They say that good things come to those who wait. And it seems in the case of the Kansas City (KC) area getting a much-needed unified MCI airport terminal, it finally came! Plans for a single terminal to correctly accommodate passengers have been in the works since at least the 1990s. But here in the Show-Me state, folks are reluctant to accept change without clear benefits. To be honest, many of us are just stubborn. Alas, this isn’t a story about the past. Nor is it a story about the citizens of a single city in the two-state KC metro area controlling an economic powerhouse and causing decades of delays in what should have been a routine update. No. This is a celebration lap. For me, for my frequently flying friends, and yes, even those who somehow think the existing scheme is “convenient.” (I’ll see YOU in the comments!)
I have been a new terminal-evangelist since the late 2000s. Literally ~15 years of work has finally paid off. No, I don’t work for any governments and I don’t work for the airport. Heck, I didn’t even get to cast a vote of support when the new terminal issue graced a KC, Missouri ballot during a low voter turnout cycle. But it’s still a victory, and I’ll take it.
Tomorrow the doors of the new terminal officially open to the public. And for a second time I will walk its halls. Only this time it will be to board and fly the inaugural departing flight. Despite NOT securing early access like some others in our space, I was fortunate to be selected for a preparedness simulation a full two-weeks before opening day. The gist was simple – make sure everything is up to snuff, allow for a public preview, and even throw some local AvGeeks a bone. It was truly a great day.
Flying domestically in Iceland is like stepping back in time.
Security? Not necessary here. Just check in for your flight at the ticket counter, wait for the boarding call, and get on the plane. No X-ray machines, no body or iris scans, no checks for bottled liquids, etc. Just check your big bags and walk on board with your carryons. A very civilized process in an equally civilized country.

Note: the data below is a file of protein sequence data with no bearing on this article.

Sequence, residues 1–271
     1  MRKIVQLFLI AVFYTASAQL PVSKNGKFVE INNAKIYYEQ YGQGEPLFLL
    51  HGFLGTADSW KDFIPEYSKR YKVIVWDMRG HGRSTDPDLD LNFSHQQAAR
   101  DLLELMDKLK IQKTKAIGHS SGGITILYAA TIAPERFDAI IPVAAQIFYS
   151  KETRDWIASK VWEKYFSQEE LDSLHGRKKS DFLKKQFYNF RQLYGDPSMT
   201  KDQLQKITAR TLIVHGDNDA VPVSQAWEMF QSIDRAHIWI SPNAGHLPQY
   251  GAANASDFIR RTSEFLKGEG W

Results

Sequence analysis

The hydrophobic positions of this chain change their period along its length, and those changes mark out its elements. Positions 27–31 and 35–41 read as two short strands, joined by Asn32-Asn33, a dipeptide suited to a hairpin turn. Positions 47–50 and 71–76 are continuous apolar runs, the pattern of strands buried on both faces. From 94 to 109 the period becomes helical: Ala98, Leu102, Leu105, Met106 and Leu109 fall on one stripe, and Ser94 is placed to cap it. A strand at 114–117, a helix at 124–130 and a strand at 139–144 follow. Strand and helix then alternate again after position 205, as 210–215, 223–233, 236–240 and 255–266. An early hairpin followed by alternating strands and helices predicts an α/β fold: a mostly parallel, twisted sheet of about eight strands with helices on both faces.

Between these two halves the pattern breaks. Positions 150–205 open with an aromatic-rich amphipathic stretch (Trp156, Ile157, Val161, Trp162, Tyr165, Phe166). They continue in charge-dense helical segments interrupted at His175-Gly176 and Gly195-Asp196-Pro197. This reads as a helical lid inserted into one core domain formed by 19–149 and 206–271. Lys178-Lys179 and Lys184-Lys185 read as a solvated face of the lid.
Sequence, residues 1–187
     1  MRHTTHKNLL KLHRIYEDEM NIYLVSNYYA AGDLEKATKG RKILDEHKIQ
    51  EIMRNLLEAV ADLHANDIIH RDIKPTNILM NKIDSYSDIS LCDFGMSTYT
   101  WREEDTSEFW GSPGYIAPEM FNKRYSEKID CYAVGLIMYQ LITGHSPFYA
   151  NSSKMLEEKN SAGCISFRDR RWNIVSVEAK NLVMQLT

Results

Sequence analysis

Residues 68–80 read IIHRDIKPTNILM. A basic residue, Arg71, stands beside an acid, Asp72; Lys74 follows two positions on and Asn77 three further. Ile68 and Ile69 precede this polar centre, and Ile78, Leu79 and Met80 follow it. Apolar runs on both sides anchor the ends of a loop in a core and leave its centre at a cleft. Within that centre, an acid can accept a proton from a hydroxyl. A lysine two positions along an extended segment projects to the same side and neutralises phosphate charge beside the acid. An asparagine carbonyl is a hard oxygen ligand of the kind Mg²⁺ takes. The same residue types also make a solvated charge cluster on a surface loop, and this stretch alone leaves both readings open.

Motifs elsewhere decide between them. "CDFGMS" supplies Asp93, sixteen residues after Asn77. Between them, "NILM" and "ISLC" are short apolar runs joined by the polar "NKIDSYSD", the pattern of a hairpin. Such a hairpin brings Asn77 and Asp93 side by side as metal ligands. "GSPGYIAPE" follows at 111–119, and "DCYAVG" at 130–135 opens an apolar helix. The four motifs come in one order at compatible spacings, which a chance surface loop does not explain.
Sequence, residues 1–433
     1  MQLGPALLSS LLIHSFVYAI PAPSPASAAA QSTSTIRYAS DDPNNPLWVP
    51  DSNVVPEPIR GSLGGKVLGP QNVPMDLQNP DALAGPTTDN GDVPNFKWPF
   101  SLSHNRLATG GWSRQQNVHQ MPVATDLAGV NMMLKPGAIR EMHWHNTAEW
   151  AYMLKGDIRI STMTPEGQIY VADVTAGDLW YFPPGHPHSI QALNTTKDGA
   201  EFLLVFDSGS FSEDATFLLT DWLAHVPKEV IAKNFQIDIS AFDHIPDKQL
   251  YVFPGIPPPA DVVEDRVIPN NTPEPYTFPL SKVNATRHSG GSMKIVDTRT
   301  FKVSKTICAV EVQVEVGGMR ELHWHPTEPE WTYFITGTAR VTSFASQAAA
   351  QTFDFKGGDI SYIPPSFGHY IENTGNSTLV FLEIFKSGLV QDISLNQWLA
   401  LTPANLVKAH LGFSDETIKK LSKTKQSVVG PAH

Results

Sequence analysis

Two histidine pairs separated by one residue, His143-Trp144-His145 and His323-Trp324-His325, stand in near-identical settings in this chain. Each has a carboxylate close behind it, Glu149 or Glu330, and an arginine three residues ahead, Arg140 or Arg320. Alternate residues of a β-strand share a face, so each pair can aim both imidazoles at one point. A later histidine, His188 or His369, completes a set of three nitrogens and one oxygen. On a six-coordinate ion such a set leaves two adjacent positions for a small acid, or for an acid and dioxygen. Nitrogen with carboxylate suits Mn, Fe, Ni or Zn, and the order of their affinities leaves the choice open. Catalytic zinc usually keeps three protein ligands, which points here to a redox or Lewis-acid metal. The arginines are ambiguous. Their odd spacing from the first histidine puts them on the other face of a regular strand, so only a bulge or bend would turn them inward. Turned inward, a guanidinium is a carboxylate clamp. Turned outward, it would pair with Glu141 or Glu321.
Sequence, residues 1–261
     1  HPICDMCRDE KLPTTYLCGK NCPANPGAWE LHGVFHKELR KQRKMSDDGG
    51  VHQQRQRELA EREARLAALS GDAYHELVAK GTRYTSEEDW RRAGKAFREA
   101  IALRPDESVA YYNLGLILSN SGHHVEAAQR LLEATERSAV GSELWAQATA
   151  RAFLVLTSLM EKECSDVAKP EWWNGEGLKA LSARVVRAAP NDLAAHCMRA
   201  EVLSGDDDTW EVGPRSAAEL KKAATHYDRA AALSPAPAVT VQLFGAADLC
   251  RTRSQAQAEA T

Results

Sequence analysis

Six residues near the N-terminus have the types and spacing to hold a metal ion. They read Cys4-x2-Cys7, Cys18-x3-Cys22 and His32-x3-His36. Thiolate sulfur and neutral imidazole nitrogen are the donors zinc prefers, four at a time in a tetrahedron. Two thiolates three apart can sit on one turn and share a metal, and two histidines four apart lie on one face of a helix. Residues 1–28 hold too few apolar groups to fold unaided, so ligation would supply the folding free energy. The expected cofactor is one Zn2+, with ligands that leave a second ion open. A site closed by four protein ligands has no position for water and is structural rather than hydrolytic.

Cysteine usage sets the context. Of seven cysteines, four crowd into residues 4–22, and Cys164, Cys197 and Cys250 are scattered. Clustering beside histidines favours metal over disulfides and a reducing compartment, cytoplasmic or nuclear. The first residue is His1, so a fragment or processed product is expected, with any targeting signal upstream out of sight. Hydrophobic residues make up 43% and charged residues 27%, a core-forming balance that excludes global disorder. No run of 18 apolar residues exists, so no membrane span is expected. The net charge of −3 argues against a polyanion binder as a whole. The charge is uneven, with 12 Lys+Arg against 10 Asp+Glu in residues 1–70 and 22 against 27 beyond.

Our flight was from Reykjavik City Airport, RKV, which is right in the center of the capital city, flying to Akureyri in the north of the country, 250km (155 statute miles) by air. The much larger international airport is 50km (30 statute miles) to the southeast, in Keflavik. We were a group of six; five of us from various media outlets, and our very capable and patient Icelandair media wrangler.
Icelandair has two 76-seat DHC-8-400s and three 37-seat DHC-8-200s in its fleet; they acquired them in March of 2021 when the airline purchased Air Iceland Connect to create an integrated domestic/international route system.
It’s the end of an era, one that revolutionized travel and brought the world closer together. After the Feb. 1, 2023 delivery of the last 747 built – a 747-8F registered as N863GT to Atlas Air – no new 747s will ever again depart from Boeing’s manufacturing plant in Everett, Washington.
Every AvGeek knows the story of the 747. Designed and built by the Incredibles – the group of engineers and mechanics and line workers who, in the late 1960s, created an unusual-looking airplane that would, in its way, change the world.
Boeing held a two-day event to commemorate the delivery of the final 747, to Atlas Air. Thousands of people were in attendance for the event, filling a section of the former 747 assembly line, which is being dismantled and the space repurposed.
Those highlights included a free hotel program for long layovers and a unique US immigration pre-clearance facility. The pièce de résistance was a morning visit to the incredible first class lounge, with a gourmet breakfast, great views of the ramp, and even a cigar bar.
Read on for a walkthrough of Etihad’s Abu Dhabi hub, and for tips on how to take advantage if you pass through the airport yourself.
Every year I’m told that folks like me are hard to shop for. This is surprising since a big part of the whole “AvGeek thing” is travel. So if you’re in a rush, or you’ve been sent this article by the plane nerd in your family, it’s quite simple: Travel.
Travel is the best gift you can give an AvGeek. That’s it. But don’t take it just from me. Numerous studies conclude that money spent on experiences has a bigger impact on happiness than money spent on physical things.
“Create memories, not clutter.”
– Marie Kondo (probably, sounds like something she’d say)
Before folks run to the comments, travel doesn’t have to be expensive. With a gift card of whatever value to someone’s airline of choice, or a contribution towards an experience (like those below), I am confident your gift would be appreciated by your AvGeek(s). For those who want to dig into the exciting stuff, meet us below the line…